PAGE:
Two riders after Bachman, Australian Clayton Fredericks, who was sitting third after the dressage, put in a very workmanlike round on Ben Along Time, the 2005 FEI World Cup Champion and Silver medalist from the FEI World Equestrian Games, to maintain his position.

"I think I maybe took a few too many half-halts out there," said Fredericks of his 5.6 time penalties to finish on a new score of 53.0.

American rider, Will Faudree, and 18-year-old Antigua had an impressive round to easily make the time. Horse and rider, veterans of the Pan American Games and a teammate of White-Carty's at last year's FEI World Equestrian Games own a perfect record on the cross country through their five-year relationship. Based in Southern Pines, Faudree jumped up from 12th after the dressage to fourth.

"It's pretty exciting when a horse has done as much as he's done, and he's still pulling to the finish, asking ‘What's next?'" said Faudree. "I'm so lucky. I feel good about tomorrow (Sunday). I'm going to go in and do my best. The horse owes me nothing."

The highest-placed young rider in the field is Sarah Mittleider. The Idaho native made her third cross country trip to Kentucky worth it, picking up the second double-clean of the day and rocketing up the leader board from 23rd after the dressage to 10th going into the show jumping. Eleven-year-old El Primero made light work of the track, and Mittleider eyes her first team spot for the Pan American Games this summer.

"He was fabulous," she said. "We didn't have a great warm up, and then I realized that my bit wasn't put on correctly. I got that fixed, and we had one jump and then we went and he was just so on. He came out of the box and was like, ‘We're at Rolex again ... let's go.' He gets so confident the further he goes in the course, but he never gets cocky. He never really gets strong. He can be hard to bring back, but he's not very fast so you're never out of control out there. I would love to take him to the Pan Ams. He just seems to keep improving this year."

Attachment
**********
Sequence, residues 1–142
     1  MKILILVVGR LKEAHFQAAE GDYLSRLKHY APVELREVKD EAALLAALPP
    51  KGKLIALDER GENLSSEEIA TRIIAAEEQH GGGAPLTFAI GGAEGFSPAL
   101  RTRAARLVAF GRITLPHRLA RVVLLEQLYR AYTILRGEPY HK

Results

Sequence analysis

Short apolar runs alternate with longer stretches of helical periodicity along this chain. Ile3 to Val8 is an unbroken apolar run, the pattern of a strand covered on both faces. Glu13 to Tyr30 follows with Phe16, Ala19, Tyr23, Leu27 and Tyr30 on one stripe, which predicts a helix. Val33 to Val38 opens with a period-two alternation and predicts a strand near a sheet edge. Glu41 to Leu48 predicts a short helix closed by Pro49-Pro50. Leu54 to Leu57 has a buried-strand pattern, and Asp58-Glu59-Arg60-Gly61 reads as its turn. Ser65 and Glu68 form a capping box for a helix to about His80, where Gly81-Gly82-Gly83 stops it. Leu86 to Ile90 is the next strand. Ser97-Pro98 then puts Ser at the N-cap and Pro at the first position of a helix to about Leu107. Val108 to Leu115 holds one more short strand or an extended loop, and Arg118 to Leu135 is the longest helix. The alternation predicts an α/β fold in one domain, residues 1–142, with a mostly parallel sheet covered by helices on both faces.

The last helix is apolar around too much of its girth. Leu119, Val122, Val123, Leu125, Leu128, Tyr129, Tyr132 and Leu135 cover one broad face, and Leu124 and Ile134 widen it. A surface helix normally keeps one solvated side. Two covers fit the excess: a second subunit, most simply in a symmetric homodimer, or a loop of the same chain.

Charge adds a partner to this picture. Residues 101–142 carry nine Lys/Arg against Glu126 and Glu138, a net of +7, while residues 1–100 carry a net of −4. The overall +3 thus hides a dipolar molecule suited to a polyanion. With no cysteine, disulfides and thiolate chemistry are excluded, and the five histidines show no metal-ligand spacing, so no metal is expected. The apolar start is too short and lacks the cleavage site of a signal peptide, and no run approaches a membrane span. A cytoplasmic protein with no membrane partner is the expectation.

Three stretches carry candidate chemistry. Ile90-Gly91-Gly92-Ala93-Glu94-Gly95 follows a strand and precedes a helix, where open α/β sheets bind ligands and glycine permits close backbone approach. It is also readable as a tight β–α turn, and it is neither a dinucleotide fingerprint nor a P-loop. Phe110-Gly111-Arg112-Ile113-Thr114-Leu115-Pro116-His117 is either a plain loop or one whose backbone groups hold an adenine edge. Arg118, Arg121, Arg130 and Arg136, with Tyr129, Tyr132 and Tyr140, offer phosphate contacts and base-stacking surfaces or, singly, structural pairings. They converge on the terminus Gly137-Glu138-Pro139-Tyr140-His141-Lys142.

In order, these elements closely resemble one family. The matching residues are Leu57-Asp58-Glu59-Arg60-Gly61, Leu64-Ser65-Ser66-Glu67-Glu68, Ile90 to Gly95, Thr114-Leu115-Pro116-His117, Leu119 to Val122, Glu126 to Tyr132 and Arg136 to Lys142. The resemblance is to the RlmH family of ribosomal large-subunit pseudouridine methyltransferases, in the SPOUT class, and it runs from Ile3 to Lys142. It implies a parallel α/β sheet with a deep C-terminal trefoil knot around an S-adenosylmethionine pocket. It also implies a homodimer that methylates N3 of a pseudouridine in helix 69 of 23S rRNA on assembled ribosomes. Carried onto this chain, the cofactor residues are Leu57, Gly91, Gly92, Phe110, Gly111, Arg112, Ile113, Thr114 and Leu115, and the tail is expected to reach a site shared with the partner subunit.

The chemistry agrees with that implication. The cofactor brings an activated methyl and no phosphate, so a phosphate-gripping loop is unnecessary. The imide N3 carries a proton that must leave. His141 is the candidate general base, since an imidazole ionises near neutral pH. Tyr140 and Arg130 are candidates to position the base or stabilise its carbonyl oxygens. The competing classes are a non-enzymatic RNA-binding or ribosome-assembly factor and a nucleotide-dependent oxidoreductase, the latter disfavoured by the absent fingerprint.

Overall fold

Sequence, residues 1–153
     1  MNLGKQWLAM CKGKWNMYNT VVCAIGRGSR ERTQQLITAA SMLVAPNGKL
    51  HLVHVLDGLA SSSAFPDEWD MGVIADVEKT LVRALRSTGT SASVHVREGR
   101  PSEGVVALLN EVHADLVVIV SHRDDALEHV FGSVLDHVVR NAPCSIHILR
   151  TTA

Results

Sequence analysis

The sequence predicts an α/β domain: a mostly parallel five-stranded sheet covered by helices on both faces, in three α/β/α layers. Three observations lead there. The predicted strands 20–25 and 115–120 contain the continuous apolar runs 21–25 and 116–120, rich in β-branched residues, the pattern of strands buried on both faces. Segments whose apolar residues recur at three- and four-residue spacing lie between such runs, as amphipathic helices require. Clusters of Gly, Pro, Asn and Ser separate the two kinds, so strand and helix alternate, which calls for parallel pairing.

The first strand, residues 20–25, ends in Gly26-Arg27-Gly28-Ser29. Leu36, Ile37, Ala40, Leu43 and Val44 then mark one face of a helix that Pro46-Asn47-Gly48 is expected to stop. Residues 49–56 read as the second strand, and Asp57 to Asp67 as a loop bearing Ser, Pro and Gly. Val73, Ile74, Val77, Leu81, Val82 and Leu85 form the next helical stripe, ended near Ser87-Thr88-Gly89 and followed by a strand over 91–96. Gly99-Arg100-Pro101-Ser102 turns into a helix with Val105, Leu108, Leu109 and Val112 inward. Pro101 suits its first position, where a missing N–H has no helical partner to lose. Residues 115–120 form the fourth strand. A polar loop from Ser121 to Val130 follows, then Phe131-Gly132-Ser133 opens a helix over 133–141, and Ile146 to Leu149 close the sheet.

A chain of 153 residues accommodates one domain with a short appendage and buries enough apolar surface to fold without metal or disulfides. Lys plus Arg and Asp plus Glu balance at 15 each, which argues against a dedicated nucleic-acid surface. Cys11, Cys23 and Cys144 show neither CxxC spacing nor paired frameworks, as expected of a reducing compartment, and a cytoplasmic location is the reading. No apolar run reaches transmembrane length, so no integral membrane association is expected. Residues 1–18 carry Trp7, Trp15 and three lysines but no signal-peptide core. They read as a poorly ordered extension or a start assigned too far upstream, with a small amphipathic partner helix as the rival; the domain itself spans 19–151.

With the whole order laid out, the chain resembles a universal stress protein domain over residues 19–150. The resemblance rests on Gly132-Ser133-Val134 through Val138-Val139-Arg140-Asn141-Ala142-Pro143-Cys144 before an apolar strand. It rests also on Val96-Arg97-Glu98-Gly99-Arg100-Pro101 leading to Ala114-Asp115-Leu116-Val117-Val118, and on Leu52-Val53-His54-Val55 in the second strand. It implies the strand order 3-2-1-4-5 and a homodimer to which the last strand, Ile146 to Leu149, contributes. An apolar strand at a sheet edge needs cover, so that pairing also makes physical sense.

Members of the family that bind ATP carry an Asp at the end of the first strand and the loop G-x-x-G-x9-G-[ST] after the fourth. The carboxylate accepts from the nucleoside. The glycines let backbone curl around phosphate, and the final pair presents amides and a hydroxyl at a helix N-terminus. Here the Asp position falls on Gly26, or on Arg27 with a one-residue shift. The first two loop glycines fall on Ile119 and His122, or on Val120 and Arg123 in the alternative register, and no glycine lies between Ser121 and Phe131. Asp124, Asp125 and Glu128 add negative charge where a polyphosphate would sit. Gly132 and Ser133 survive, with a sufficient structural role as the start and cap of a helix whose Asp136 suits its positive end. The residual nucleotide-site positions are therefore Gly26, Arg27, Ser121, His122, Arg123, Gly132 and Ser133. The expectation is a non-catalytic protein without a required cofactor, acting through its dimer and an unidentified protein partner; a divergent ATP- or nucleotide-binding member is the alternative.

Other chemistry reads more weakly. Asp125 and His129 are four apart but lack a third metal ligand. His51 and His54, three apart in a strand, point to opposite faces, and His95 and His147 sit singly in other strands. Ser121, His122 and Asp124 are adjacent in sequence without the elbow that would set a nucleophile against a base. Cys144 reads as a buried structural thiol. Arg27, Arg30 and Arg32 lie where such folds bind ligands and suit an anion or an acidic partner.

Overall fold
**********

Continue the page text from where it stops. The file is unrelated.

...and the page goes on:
Heading into today's final phase of the event, 33 horses remain to go forward to the morning's horse inspection.

The Rolex Kentucky Three-Day Event, Presented by Farnam, is the only four-star event in the Western hemisphere. Riders compete in this competition for their share of $200,000 in prize money, with the winning owner receiving $65,000. The winning rider gets to sport a new Rolex watch. The USET Pinnacle Trophy is presented to the top American rider, who is also named the United States Equestrian Federation (USEF) National CCI**** Eventing National Champion.

Highlights from the event will be broadcast by NBC Sports in a one-hour special on Sunday, May 6, from 5:00-6:00 p.m. EDT. In addition, fans who aren't able to make it to the Kentucky Horse Park for the event can still catch the action live through's daily webcast, available at These webcasts were made possible through the joint efforts of NBC; Equestrian Events, Inc., the producer of the event; and the USEF.--Joanie Morris